AHMEDABAD (TIP): For India, this was a morning of immense satisfaction. For the connoisseur, there was the sight of a stately young batsman, Cheteshwar Pujara, completing a second Test century. For the romantics, there was the uplifting sight of Yuvraj Singh, back in Test cricket after treatment for cancer, marking his return with an unbeaten half-century. For England, there was nothing at all.
‘Nothing’ hurt. Nothing meant a ball that refused to deviate, in the air or off the ground, for spin and seam alike, in a session in which India’s first innings moved inexorably past 400. Eighty-seven runs were added in the morning session at a rate of 2.81 runs per over, and the unbroken fifthwicket stand swelled to 127.
This was a Test with an old-fashioned feel; it had a faster scoring rate than many of yore admittedly, but it was a Test in which India’s domination was not expressed noisily, yet seeped into England’s consciousness. There was no DRS to excite the bowlers, no replays to watch, no balltracking technology on show to update cricket by giving it a sense of a computer game. There was just Indian accumulation, enlivened by sporadic bursts of adventure from Yuvraj. Pujara had rounded off the first day by driving Jimmy Anderson crisply through mid-off for four, a satisfying end to an accomplished day. Here, it seemed, was a batsman of poise and character. For a young player to be overnight on 98 not out, however, was bound to be unsettling and England sensed an opportunity.
Stuart Broad allowed him a comfortable leg-side single to move to 99, and hammed up a vociferous lbw appeal for a ball pitching outside leg; Graeme Swann bowled an intelligent maiden. But he picked off another single in Broad’s next over to reach his second Test hundred and celebrated with a quiet air of contentment.Stuart Broad allowed him a comfortable leg-side single to move to 99, and hammed up a vociferous lbw appeal for a ball pitching outside leg; Graeme Swann bowled an intelligent maiden. But he picked off another single in Broad’s next over to reach his second Test hundred and celebrated with a quiet air of contentment.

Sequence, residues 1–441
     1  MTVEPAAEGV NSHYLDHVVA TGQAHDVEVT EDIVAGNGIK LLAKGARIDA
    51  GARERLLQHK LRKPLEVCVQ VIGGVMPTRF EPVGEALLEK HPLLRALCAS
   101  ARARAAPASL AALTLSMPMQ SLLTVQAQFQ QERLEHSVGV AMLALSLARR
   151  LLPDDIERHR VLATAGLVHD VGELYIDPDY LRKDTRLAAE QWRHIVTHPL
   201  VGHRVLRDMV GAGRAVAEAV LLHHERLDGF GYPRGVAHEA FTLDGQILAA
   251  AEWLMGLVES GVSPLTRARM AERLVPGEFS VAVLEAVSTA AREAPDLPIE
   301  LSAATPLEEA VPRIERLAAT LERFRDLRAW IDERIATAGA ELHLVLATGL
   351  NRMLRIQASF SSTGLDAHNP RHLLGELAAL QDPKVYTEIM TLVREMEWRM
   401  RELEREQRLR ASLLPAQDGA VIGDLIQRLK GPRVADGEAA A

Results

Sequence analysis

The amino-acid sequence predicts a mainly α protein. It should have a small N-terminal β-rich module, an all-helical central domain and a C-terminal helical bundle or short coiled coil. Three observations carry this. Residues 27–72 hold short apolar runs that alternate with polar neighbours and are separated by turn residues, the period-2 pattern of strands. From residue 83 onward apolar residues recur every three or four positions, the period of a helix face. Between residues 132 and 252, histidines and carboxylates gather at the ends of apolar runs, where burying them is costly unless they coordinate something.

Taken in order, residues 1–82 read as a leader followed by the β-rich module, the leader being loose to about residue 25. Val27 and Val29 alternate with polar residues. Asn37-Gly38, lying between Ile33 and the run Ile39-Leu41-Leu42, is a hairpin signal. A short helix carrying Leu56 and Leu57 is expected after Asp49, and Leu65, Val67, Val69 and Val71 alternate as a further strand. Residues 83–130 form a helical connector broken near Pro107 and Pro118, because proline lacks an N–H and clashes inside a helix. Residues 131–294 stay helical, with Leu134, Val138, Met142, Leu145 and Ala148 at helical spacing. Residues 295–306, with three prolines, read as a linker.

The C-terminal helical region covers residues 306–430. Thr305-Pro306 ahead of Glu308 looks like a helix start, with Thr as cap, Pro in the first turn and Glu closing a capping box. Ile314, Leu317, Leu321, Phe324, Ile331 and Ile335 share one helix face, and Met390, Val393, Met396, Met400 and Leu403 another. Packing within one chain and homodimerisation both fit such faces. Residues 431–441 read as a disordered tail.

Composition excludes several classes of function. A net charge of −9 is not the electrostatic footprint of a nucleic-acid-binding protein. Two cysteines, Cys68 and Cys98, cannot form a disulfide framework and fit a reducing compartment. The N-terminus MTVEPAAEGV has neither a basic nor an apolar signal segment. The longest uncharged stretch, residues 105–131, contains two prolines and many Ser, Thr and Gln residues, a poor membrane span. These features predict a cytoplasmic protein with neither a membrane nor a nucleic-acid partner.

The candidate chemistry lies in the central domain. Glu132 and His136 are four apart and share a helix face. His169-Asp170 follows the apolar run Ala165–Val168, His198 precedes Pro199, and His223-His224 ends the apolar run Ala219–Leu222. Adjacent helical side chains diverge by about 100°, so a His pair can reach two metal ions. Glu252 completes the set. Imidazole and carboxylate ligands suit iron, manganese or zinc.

It was a restrained celebration to mark a restrained innings, characterised by subtle placement and a sober mind. How England must have been cursing Anderson’s inexplicable misjudgement when Pujara was 8, dashing forward too far at mid-on as he misjudged the flight of Pujara’s leading edge against Tim Bresnan. The decline in England’s fielding has been marked for some time and, as Anderson showed again, it is afflicting both the best and the worst. If Pujara celebrated his hundred with a ringing ondrive against Swann for four, Yuvraj, seemed even more uplifted by his young partner’s success. Yuvraj’s skip down the pitch to strike Swann straight for six was the shot of the morning and was followed by a sweep that fell short of six by inches. Fifteen came from the over; if India broke Swann, England really were in trouble.
England had called for the new ball four overs before the end of play on the opening day and, just as it had the previous evening, it passed without consequence. Swann had a lengthy bowl with it and had one half-decent lbw appeal against Pujara when he padded one away, a triple-decker appeal delivered on full, desperate crouch. Broad, who already looks irritated by the absence of DRS, and this is only the second day of the series, had a few shouts which served only to work off his frustration. The BCCI, which seems to like feeling in control of its product, does not just oppose DRS, it disallows the showing of Hawk Eye on its TV coverage. Covering the tour back in England after a payment dispute, Sky TV’s commentators were having a sneaky look at Hawk Eye at the back of the box. They muttered quietly that the umpires were having a good day. If Swann posed England’s greatest threat, Samit Patel was an inconsequential second spinner. His place at No. 6 is justified by his adroitness against spin but, in this Test, his own left-arm slows looked unthreatening, slightly round-arm. Yuvraj, as a left-hander, had an appetite for them. He struck him over midwicket to reach his fifty and soon afterwards lofted him straight for six.